Tip Jars Go Digital With DipJar

Facebook, DipJar

You can't fill the tip jar at your local coffee shop by swiping a credit card. At least, you couldn't until DipJar, a New York and Boston-based startup that's found a creative way of dealing with the fact that many customers prefer to carry cards over spare cash.

DipJar lets customers leave $1 tips by dipping their card in the eponymously-named device, which makes a tumbling-change sound to confirm that the transaction has gone through. Over the past two years, the startup has been testing out DipJar at 20 locations around New York, but could add up to 200 more after receiving $420,000 from investors.

Workers at New York's Fresco Gelateria, which uses DipJar, make an extra $15 to $20 a week from the device, which also saves time divvying up tips at the end of the day. Co-owner Ilias Iliopoulos told CNN Money that, overall, it's brought in between $150 and $200 per month, although DipJar keeps six percent of the profits.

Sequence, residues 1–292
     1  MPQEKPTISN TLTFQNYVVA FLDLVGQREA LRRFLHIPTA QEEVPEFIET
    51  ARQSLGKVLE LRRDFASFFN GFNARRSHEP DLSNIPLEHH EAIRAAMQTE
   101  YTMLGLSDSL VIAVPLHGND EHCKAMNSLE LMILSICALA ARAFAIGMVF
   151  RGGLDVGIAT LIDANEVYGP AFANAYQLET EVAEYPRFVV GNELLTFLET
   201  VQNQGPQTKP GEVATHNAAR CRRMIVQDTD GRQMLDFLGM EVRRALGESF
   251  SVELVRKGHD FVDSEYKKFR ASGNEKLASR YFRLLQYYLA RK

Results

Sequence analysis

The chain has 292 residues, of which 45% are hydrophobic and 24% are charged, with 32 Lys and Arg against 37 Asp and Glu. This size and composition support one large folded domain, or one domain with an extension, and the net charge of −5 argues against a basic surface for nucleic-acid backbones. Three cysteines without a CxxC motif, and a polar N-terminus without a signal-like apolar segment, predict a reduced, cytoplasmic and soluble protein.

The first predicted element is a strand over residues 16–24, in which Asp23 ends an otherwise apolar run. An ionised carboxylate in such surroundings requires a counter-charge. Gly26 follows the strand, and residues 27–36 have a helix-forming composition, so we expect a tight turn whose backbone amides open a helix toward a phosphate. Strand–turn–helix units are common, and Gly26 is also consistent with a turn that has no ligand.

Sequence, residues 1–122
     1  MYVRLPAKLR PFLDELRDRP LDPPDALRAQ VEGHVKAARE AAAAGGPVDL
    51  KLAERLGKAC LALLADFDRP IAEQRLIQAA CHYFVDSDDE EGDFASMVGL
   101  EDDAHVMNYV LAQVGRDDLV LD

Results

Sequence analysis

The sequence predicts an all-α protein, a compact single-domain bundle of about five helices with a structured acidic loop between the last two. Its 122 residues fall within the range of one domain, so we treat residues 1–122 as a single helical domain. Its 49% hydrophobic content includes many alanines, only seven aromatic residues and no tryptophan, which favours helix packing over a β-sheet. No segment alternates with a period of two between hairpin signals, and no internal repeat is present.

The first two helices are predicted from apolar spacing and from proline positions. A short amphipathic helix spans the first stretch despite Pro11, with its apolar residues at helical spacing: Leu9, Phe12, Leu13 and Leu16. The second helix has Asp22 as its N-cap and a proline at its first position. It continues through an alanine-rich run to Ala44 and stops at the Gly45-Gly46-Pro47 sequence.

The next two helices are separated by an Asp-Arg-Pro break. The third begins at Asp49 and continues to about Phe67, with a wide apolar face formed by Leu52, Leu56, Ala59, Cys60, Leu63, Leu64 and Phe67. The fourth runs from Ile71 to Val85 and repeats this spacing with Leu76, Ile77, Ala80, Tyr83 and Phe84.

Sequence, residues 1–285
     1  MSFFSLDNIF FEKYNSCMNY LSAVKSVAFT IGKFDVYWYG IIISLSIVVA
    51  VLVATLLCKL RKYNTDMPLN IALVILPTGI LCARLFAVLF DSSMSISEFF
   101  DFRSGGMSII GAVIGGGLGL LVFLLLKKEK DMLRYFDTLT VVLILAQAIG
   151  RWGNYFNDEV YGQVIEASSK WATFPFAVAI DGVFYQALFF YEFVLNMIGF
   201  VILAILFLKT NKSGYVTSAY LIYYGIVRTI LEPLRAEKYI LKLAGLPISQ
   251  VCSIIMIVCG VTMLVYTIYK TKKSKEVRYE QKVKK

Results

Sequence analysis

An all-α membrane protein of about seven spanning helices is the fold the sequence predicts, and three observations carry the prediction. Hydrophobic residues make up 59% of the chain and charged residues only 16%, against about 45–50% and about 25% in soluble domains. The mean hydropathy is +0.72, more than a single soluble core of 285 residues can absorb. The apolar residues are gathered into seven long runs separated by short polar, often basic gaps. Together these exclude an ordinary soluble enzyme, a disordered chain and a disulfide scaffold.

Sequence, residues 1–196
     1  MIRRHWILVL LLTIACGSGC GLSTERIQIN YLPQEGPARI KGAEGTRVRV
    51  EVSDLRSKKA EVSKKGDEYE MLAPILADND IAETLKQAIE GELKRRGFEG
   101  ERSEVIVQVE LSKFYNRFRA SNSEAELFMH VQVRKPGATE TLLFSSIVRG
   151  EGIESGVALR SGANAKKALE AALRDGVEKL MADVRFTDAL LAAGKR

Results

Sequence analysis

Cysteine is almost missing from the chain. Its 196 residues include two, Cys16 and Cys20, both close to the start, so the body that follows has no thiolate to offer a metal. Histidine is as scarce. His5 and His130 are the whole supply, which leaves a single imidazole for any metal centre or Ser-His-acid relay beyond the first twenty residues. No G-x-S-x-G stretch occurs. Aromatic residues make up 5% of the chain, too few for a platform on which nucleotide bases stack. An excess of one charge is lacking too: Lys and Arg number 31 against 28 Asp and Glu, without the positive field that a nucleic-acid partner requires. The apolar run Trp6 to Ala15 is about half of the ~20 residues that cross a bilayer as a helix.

Nevertheless, employees of the store still make more money ($15 to $20 per day) from the traditional glass jar. And with high noise levels in some shops, the audio confirmation of a DipJar transaction may be too quiet to hear, leading some customers to dip their cards repeatedly in confusion.

"It's just hard to hear amongst the ambient sounds of coffee grinding, music, air conditioning and chatter," DipJar Ryder Kessler told CNN Money. "That's a big flaw that we're fixing: amping up the change-clinking configuration in the next unit."

Kessler added that future models will also include a blinking light to confirm successful transactions. Until then, dip attentively.
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